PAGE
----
*Insist on adherence of ACJA for sentence
From: Lukman Olabiyi
Justice Muhammed Idris of the Federal High Court, sitting in Lagos, on Thursday, told the Independent National Electoral Commission (INEC)’s official, Christian Nwosu, who pleaded guilty for charge bordering on money laundering, that a plea bargain agreement could not grant him soft landing for his offence.
The judge held that by the provisions of the Administration of Criminal Justice Act (ACJA) such an accused deserved a heavier sentence.
The Economic and Financial Crimes Commission (EFCC) had charged a former Minister of Petroleum Resources, Diezani Allison-Madueke, Nwosu and two others officials of INEC for money laundering.
Allison-Madueke was, however, described in the charge as “still at large”.
The two other INEC officials were, Yisa Olarenwaju Adedoyin and Tijani Bashir.
When the three officials were arraigned, Nwosu pleaded guilty to the charges, while Adedoyin and Bashir pleaded not guilty to the charges against them.
The EFCC then informed the court of a plea bargain agreement between the agency and the first accused (Nwosu).
The court had then adjourned the case for sentencing of the accused till Thursday.
Delivering his judgement, on Thursday, Justice Idris held: “That the penalty set out in paragraph 4 of the plea bargain agreement entered into by the accused with the EFCC, run contrary to the provisions of sections 16 (2) (b) of the ACJA.
“Besides, a forfeiture of two landed properties in Delta State, as well as a forfeiture of the sum of N5 million recovered from the accused, paragraph 4 of the plea bargain also provides:
“That a fine in the sum of N500,000 is proposed to this honourable court, to be imposed on the first defendant upon his conviction on count seven of the amended charge,
“The agreement also provides that within seven days after payment of the fine, the accused shall enter into a bond with the EFCC, never to be involve in economic and financial crimes within and outside Nigeria.
“It appears to me that from the provisions of the ACJA the appropriate sentence should be given for the offence charged; the first defendant was charged with offences contrary to section 16 (1) of the money laundering prohibition amendment act.
“Section 16(2) of the said Act provides that any person who commits an offence under sub section 1, is liable upon conviction, to an imprisonment term of not less than two years or fine in the sum of not less than 10 million or both.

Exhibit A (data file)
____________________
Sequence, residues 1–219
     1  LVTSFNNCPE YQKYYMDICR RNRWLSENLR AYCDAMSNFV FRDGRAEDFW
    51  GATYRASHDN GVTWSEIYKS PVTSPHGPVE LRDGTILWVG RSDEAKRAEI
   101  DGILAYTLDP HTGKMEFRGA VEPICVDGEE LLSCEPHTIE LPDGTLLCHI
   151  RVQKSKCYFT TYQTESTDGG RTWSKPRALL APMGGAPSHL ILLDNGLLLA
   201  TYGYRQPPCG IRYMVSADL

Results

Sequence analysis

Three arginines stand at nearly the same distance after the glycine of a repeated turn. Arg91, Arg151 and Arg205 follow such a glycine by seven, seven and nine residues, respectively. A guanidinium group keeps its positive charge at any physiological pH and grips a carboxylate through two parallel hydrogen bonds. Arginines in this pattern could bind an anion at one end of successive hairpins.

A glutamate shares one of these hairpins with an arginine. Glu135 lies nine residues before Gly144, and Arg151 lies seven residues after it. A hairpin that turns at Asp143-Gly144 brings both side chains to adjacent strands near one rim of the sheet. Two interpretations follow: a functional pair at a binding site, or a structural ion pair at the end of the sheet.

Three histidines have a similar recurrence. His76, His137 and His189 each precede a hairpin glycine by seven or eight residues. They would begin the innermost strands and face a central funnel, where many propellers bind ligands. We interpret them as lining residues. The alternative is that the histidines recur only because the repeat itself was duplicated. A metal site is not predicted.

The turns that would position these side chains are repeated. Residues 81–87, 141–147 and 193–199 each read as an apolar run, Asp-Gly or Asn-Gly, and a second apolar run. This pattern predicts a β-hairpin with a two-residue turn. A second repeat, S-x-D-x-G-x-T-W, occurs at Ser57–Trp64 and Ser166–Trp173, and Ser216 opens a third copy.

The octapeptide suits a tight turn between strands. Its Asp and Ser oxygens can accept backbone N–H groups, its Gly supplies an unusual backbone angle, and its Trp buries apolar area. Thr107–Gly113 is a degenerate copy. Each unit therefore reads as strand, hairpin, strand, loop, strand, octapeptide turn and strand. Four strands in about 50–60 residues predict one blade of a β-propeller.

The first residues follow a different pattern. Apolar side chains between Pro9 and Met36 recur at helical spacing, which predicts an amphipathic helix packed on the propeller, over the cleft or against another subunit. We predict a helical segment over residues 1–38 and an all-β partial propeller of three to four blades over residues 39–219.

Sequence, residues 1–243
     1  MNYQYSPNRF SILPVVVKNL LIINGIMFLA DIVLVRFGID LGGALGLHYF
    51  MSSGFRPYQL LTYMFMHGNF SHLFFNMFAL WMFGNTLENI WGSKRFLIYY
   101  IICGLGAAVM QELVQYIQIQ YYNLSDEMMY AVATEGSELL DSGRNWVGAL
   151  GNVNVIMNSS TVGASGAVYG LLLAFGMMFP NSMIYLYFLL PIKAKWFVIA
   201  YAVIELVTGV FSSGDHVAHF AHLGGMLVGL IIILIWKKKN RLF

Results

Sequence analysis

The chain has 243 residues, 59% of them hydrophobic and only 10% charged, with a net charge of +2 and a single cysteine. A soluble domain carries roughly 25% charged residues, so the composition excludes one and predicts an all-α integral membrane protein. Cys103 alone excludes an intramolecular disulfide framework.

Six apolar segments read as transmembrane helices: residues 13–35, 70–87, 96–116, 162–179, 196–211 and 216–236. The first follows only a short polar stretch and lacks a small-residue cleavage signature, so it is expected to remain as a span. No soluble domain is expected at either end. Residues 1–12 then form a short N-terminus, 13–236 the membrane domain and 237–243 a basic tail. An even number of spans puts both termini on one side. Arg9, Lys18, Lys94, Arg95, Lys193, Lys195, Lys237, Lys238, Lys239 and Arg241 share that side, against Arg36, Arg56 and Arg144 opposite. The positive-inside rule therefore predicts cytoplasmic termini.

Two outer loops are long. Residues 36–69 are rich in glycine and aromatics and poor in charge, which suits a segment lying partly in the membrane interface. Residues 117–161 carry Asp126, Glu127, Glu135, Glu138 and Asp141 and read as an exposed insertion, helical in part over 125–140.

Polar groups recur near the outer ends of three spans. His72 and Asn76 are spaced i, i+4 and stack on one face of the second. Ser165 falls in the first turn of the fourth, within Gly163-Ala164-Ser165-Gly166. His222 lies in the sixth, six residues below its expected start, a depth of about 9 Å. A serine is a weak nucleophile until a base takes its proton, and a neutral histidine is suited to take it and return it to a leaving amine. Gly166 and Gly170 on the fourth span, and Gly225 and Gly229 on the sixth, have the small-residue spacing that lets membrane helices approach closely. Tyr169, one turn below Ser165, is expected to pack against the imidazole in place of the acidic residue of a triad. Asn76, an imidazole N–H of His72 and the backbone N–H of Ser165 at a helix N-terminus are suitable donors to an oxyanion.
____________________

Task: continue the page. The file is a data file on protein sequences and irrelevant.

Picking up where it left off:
“This provision is clear and unambiguous; it is for the above reason that I find the proposal in paragraph 4 of the plea bargain as inadequate; a sentence in my view is more appropriate given the circumstances of this case.
“The law also provides that the judge informs the accused of such sentence, to enable him make a choice, “
After reading the judgment, counsel to the first accused then prayed the court for a short adjournment to enable him discuss with his client.
Following agreement of counsel, the judge adjourned the case to May 3 for continuation.
The prosecution alleged that the accused committed the offence on March 27, 2015 by accepting bribe from the ex Petroleum Minister.
They were alleged to have conspired to take possession of the sum of about N264 million which sum they reasonably ought to have known formed part of the proceeds of an unlawful act of gratification.
The accused were also said to have made cash payments of the sum of about N235 million, which sum exceeded the amount authorized by Law, without going through a financial Institution.
EFCC alleged that Bashir (fourth accused) also made a cash payment of about N70.1 million to Adedoyin (third accused) without going through a financial institution and which sum exceeded the amount authorized by law.
The prosecution also alleged that Bashir also directly took possession of the sum of about N165 million which sum he ought reasonably to have known formed part of an unlawful act of gratification.
In count seven, Nwosu was alleged to have directly used the sum of N30 million which he ought to have known formed part of an unlawful act of gratification.
The offences are said to have contravened the provisions of sections 15 (3), 16 (2) and 18 (a) of the Money Laundering Prohibition Amendment Act, 2012.